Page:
NICE AND EASY: Why are some antennas covered in white plastic?

You see this all the time with marine antennas, but you’ll also see it with some TV and cellular antennas designed for home use. It’s not just to keep the antenna pretty, there’s actually a good reason.

In the case of marine antennas, fiberglass is usually the covering of choice. It’s light, durable and transparent to RF signal. For TV antennas it’s just white plastic, which is less durable and more subject to corrosion. But, then again the sea air isn’t usually as much of a problem on land.

No matter what the material, the purpose is to keep the items inside from corroding. Antennas are commonly made of aluminum because it performs pretty much the same whether it’s corroded or not. However, some antennas may have copper elements or a mix of copper, aluminum and steel. Copper is more sensitive when it’s not corroded but almost useless when it is. That’s why copper wire is always encased in some sort of sheath.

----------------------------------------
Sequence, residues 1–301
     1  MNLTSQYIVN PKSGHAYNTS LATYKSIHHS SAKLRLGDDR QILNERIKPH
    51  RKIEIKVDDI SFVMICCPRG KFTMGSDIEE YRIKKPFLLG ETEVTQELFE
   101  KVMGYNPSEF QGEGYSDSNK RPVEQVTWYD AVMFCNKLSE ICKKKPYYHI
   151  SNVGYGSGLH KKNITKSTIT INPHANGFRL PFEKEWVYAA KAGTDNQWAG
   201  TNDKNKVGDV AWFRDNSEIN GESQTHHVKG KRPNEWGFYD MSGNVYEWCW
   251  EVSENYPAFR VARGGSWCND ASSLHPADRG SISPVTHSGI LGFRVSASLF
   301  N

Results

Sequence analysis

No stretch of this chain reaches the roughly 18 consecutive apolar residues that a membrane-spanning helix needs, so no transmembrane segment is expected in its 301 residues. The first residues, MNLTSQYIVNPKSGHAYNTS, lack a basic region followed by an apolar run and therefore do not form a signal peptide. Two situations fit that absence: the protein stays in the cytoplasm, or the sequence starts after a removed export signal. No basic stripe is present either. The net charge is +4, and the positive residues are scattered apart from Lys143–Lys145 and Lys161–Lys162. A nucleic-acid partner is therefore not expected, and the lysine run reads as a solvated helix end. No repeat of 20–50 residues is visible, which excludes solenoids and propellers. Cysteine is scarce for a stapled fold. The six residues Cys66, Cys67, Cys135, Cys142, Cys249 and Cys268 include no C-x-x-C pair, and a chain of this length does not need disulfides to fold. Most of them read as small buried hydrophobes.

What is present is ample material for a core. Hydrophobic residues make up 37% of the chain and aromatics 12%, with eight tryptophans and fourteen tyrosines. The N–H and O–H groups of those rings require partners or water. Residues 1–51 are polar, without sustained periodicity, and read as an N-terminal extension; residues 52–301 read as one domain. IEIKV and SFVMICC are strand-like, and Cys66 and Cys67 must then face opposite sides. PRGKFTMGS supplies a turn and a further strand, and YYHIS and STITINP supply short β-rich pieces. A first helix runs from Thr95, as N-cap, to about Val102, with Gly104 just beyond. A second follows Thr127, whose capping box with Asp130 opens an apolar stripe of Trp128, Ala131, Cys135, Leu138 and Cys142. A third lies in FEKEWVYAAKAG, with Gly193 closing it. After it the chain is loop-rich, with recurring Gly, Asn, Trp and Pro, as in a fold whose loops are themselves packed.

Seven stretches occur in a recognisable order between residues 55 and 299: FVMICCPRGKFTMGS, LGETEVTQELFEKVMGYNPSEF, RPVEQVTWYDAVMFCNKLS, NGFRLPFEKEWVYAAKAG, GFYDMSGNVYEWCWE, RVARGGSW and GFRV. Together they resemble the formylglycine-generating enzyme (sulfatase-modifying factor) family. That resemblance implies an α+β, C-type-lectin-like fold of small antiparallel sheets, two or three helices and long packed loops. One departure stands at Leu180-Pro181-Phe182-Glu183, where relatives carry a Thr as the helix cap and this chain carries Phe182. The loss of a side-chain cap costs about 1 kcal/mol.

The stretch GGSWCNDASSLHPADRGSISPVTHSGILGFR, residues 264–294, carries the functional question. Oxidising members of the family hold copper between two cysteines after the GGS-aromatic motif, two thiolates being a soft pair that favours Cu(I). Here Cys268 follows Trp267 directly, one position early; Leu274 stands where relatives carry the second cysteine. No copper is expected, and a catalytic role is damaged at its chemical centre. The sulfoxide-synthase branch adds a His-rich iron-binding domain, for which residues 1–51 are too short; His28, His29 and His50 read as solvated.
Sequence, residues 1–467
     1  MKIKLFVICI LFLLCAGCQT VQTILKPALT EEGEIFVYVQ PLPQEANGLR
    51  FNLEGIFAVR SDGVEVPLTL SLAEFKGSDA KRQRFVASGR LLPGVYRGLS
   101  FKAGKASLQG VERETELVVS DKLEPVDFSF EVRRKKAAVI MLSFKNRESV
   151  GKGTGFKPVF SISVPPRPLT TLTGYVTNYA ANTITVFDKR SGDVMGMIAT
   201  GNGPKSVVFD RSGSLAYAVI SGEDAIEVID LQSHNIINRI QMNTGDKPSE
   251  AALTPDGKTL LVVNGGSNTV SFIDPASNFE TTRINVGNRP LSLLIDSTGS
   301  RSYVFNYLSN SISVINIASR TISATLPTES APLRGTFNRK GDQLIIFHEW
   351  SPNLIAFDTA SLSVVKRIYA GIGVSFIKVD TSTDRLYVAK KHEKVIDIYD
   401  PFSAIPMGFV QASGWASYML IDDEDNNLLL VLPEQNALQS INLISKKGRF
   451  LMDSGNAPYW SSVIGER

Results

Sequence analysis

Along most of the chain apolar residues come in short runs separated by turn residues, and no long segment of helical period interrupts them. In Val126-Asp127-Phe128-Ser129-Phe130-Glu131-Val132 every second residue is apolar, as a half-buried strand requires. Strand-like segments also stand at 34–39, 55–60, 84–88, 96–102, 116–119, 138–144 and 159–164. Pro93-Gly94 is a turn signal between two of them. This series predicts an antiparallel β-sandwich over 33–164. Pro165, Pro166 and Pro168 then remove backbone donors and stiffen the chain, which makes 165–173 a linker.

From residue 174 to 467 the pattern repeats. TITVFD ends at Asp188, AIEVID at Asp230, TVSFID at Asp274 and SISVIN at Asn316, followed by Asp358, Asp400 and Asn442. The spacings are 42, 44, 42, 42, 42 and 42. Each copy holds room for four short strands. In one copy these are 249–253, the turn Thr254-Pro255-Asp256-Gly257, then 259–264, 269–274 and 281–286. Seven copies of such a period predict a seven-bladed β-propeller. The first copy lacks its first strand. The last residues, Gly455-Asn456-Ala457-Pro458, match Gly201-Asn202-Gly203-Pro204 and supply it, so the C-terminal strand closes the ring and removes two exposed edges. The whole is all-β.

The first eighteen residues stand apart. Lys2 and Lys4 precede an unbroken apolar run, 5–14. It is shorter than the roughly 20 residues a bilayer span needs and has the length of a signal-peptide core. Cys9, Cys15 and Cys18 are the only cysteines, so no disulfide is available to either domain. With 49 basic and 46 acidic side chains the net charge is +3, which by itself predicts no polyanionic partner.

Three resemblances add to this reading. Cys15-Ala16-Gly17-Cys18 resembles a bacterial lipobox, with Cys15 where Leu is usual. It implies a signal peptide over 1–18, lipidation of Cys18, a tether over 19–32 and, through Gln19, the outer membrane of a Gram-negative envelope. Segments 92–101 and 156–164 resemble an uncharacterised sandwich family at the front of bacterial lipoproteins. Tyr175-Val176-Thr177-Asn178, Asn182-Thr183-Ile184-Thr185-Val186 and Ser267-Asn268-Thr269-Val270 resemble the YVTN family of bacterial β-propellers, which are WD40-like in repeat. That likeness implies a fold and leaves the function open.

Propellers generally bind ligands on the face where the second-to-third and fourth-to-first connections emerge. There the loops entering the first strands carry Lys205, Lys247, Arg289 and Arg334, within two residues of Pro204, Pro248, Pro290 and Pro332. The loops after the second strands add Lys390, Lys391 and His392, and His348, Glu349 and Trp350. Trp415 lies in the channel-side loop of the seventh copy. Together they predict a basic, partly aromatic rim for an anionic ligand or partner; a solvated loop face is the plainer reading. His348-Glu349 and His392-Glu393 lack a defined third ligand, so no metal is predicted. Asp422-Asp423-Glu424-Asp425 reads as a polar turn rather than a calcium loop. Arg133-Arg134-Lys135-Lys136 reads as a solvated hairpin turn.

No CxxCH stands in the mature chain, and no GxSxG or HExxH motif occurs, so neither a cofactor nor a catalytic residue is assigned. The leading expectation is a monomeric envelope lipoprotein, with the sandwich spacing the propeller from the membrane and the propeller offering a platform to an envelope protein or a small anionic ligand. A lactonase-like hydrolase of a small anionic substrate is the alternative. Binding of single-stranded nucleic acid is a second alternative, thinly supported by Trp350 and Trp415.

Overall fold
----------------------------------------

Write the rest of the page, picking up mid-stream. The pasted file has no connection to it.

Adding that layer of plastic keeps whatever’s inside corrosion-free and dry. It’s common sense for harsh environments.

There’s also a little bit of vanity involved, at least with marine antennas. It’s common to see a bright white leisure craft and that shows it’s clean and well maintained. A white fiberglass sheath over an antenna matches the nice white look of the boat.

About the Author

Stuart Sweet
Stuart Sweet is the editor-in-chief of The Solid Signal Blog and a "master plumber" at Signal Group, LLC. He is the author of over 8,000 articles and longform tutorials including many posted here. Reach him by clicking on "Contact the Editor" at the bottom of this page.